Hong Kong IPOs: Goodbaby, goodnight

By:
Chris Wright
Published on:

Every now and then a barometer deal comes around: one whose outcome shows the market what to expect. One such was Goodbaby China Holdings, set to be a deal that showed there was still scope to launch IPOs, even mainland Chinese IPOs, in Hong Kong, despite volatility.

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Every now and then a barometer deal comes around: one whose outcome shows the market what to expect. One such was Goodbaby China Holdings, set to be a deal that showed there was still scope to launch IPOs, even mainland Chinese IPOs, in Hong Kong, despite volatility. 

Unfortunately, the deal for the baby products retailer pushed the barometer needle towards ‘rain’. Not since a little-remembered Chinese pork producer called WH Group ditched its listing in April 2014 has a Hong Kong IPO been withdrawn after launch. Morgan Stanley, the sole sponsor alongside BOCI Asia as an underwriter, clearly believed Goodbaby’s deal could get through the grim markets that have characterised the start of the year, but it was not to be. The company says its decision to pull the deal came “in light of deteriorating market conditions and recent excessive volatility.”

There is some grumbling in investment banking circles about the nixed IPO ending the chances of anyone else coming to market, but it didn’t tell anyone anything they didn’t already know: that this is an almost impossible environment to launch in.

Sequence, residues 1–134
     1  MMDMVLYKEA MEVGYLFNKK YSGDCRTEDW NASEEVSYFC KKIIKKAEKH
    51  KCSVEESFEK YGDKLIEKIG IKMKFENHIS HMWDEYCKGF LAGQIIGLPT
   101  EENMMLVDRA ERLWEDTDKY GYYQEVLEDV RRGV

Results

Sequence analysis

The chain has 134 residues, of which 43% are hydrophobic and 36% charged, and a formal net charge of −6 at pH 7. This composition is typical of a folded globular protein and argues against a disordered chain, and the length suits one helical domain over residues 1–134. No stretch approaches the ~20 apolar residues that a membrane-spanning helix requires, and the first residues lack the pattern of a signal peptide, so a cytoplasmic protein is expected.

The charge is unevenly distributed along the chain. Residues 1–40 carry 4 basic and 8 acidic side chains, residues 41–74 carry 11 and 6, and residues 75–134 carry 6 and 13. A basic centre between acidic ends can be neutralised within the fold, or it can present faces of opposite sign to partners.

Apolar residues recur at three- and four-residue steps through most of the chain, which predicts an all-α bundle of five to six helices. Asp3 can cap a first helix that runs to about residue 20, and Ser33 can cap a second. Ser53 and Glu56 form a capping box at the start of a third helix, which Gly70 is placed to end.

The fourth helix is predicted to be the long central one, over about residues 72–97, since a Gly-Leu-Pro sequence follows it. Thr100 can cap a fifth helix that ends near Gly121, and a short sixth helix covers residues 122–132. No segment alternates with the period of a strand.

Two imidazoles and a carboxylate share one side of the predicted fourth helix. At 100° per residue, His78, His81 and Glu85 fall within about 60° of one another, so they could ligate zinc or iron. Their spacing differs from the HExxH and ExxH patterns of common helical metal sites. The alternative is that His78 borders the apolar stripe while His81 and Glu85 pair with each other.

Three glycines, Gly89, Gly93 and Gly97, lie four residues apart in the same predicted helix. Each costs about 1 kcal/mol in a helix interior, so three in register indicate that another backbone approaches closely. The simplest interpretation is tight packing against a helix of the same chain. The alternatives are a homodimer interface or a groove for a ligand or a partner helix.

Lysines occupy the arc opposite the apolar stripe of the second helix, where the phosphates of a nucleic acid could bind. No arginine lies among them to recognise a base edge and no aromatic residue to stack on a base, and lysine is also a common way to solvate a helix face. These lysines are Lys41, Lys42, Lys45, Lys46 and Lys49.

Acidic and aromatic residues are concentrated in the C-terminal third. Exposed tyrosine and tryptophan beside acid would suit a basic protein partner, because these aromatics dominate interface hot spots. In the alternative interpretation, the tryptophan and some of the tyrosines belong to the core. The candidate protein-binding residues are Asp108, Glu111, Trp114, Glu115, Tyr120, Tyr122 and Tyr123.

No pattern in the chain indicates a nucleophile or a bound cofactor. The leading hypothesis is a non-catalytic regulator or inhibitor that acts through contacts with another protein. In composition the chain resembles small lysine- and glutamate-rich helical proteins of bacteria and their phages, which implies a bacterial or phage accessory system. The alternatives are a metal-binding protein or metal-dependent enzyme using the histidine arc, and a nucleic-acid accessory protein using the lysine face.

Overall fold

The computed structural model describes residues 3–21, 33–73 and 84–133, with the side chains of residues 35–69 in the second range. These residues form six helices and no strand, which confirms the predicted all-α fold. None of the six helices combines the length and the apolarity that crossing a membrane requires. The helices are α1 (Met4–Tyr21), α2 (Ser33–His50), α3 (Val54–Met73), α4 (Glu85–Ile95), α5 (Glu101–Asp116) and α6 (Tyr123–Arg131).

Other IPOs have got away in Hong Kong in 2016, but mainly their marketing was underway before things really turned south at the start of the year. Many other IPO applications have been withdrawn, and some of the more exciting candidates, such as China Merchants Securities, have delayed their IPOs indefinitely. 

If things are bad in the Hong Kong markets, they are worse on the mainland, where the volatility claimed the scalp of chairman of the China Securities Regulatory Commission, Xiao Gang, in February. Lin Shiyu, former chairman of Agricultural Bank of China and a one-time deputy governor of the People’s Bank of China, has been appointed in Xiao’s place to rebuild stability and credibility in the country’s markets.

Capital markets bankers may enjoy brighter times in the convertible markets though. In January, China Railway Construction Corporation (CRCC) launched a $500 million bond, the first H-share convertible since a Sinopec print back in 2007, and the very first under a new set of debt issuance rules from China’s National Development and Reform Commission in September. 

JPMorgan, CICC and UBS were joint lead managers on the zero-coupon convertibles.

“We expect this deal to lead to a greater number of H-share issuers seeking to access a new source of funding in the international capital markets,” says Connie Heng, partner at Clifford Chance. Indeed, it has already been followed by a $600 million deal from Chinese rolling stock manufacturer CRRC.

Even in Hong Kong’s troubled equity markets, there are some brave souls willing to take their chances. As Euromoney went to press, marketing was underway for Union Medical Healthcare. The Hong Kong firm, known locally for its Canto-popstar spokeswoman Gillian Chung Ka-lai, is ranked first in the territory by number of breast augmentations, liposuctions and eyelid operations, according to its prospectus. Perhaps some things are recession-proof.